This editorial was originally published on Oct 29, 2015. It is being republished as Steve is on vacation. Kind of a funny one to schedule for my vacation
I'm sure that many people end going through burnout at some point in their career. While most of us might enjoy technology, and we get a kick out of working with data, at some point you're not going to like your job. This could be because you're overworked, or it could be that you don't have enough to do. Either way, I would bet that many people flow through the phases of burnout that Kendra Little documented in this post.
Burnout isn't necessarily the end of a job, but it is a state that most of us wouldn't want to remain in. Apart from disliking your own situation, and perhaps annoying your fellow employees, you certainly aren't helping your career. Especially if you are in stages 1 or 2.
I've seen stage 3 be positive or negative, but it doesn't really work out well to try and outwork the job. Most of the time this leads to unhealthy levels of work for you, and unrealistic future expectations for your employer. When things aren't going well, do as Kendra suggests and address the issues. Make those small changes that adjust your attitude and help you cope better. Smile, try to view the things that bother you from the perspective of others, and look to keep perspective with what you do. Most of us aren't in life-threatening or hazardous jobs, and we should remember that.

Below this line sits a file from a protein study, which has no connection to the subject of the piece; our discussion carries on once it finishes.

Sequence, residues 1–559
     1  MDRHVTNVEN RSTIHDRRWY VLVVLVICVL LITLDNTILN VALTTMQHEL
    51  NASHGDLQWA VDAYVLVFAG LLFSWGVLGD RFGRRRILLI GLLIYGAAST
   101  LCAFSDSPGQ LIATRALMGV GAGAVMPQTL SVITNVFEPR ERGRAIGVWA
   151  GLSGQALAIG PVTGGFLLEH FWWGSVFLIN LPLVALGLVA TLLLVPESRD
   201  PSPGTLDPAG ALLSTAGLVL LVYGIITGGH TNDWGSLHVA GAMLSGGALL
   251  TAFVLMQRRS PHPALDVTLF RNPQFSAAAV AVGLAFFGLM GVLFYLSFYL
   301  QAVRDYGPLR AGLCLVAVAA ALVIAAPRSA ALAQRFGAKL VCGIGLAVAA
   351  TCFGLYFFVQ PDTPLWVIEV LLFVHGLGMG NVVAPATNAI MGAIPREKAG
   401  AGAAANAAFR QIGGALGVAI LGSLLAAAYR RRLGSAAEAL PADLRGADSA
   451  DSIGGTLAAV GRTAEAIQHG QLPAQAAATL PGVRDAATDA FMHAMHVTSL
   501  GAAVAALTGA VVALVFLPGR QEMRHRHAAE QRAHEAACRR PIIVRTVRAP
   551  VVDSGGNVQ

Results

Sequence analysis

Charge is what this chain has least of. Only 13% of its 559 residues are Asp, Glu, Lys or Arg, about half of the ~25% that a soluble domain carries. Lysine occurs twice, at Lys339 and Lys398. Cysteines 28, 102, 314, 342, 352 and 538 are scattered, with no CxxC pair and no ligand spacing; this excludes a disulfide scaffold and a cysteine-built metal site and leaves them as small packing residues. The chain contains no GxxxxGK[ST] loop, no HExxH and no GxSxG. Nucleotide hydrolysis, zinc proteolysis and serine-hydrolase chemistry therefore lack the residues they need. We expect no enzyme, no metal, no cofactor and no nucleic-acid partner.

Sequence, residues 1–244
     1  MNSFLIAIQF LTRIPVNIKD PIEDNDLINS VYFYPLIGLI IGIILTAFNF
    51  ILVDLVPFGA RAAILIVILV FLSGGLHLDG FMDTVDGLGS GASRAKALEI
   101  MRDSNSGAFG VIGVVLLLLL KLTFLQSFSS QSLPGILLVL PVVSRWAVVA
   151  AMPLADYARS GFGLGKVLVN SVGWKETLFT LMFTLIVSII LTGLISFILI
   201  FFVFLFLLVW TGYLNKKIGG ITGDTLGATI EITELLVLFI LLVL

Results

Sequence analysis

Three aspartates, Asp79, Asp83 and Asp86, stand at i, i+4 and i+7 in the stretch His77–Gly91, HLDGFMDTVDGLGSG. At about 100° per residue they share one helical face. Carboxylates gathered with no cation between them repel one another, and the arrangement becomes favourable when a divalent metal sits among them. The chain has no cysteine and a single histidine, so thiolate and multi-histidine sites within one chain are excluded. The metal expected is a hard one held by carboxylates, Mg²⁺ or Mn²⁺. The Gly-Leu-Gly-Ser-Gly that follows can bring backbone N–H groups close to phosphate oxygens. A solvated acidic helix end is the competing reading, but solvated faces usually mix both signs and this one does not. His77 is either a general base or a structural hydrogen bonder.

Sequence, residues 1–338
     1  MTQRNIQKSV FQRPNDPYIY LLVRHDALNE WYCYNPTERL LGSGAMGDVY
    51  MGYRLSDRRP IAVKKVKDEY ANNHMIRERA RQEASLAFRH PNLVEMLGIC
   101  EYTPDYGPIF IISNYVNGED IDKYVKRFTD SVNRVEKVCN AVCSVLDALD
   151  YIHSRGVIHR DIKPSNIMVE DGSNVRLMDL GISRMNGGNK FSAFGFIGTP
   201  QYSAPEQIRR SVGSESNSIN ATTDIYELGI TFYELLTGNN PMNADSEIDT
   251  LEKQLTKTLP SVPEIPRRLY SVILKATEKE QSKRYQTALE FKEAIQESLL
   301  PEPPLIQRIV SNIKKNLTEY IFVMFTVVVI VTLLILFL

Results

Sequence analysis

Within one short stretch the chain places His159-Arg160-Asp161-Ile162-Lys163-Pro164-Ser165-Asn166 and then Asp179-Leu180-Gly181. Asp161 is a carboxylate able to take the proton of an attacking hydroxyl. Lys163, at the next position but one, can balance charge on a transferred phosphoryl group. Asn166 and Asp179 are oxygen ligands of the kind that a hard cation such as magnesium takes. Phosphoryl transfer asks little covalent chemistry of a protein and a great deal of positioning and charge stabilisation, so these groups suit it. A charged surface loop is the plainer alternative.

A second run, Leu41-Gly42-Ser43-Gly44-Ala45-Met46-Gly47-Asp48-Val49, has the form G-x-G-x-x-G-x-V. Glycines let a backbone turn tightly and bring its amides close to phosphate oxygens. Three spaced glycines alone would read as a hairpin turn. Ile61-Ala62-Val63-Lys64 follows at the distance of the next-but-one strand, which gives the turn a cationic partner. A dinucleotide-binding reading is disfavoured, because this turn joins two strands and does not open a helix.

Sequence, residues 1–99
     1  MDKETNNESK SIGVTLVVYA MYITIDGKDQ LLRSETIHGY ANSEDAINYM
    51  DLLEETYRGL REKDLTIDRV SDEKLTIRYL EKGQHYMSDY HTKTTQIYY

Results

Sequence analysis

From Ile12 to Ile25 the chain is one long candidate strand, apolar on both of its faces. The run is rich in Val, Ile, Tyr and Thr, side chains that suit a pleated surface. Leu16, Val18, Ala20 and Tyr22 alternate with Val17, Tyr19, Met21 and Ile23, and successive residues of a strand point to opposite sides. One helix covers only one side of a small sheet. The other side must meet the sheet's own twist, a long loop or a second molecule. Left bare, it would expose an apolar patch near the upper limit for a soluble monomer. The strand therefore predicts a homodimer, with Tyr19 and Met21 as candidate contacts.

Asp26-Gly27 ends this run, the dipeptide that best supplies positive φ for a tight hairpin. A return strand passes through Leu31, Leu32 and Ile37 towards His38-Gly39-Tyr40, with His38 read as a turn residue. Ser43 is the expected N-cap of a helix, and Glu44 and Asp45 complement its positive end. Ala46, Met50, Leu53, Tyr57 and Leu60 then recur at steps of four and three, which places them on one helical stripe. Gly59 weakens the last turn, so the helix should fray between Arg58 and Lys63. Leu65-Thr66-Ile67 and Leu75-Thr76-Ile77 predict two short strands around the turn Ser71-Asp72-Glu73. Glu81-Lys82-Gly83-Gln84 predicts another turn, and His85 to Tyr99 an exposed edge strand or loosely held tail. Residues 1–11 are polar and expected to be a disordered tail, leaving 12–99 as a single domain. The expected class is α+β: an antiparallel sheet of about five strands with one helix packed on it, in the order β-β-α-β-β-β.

If you think you're burned out and really need to switch jobs, make a plan to move on. Looking for another job is stressful, and it's hard, but the best time to do it is while you have another job. Take your time and make a good decision for your future. Perhaps the project of looking for a new job will help ease the troubles you face at this one.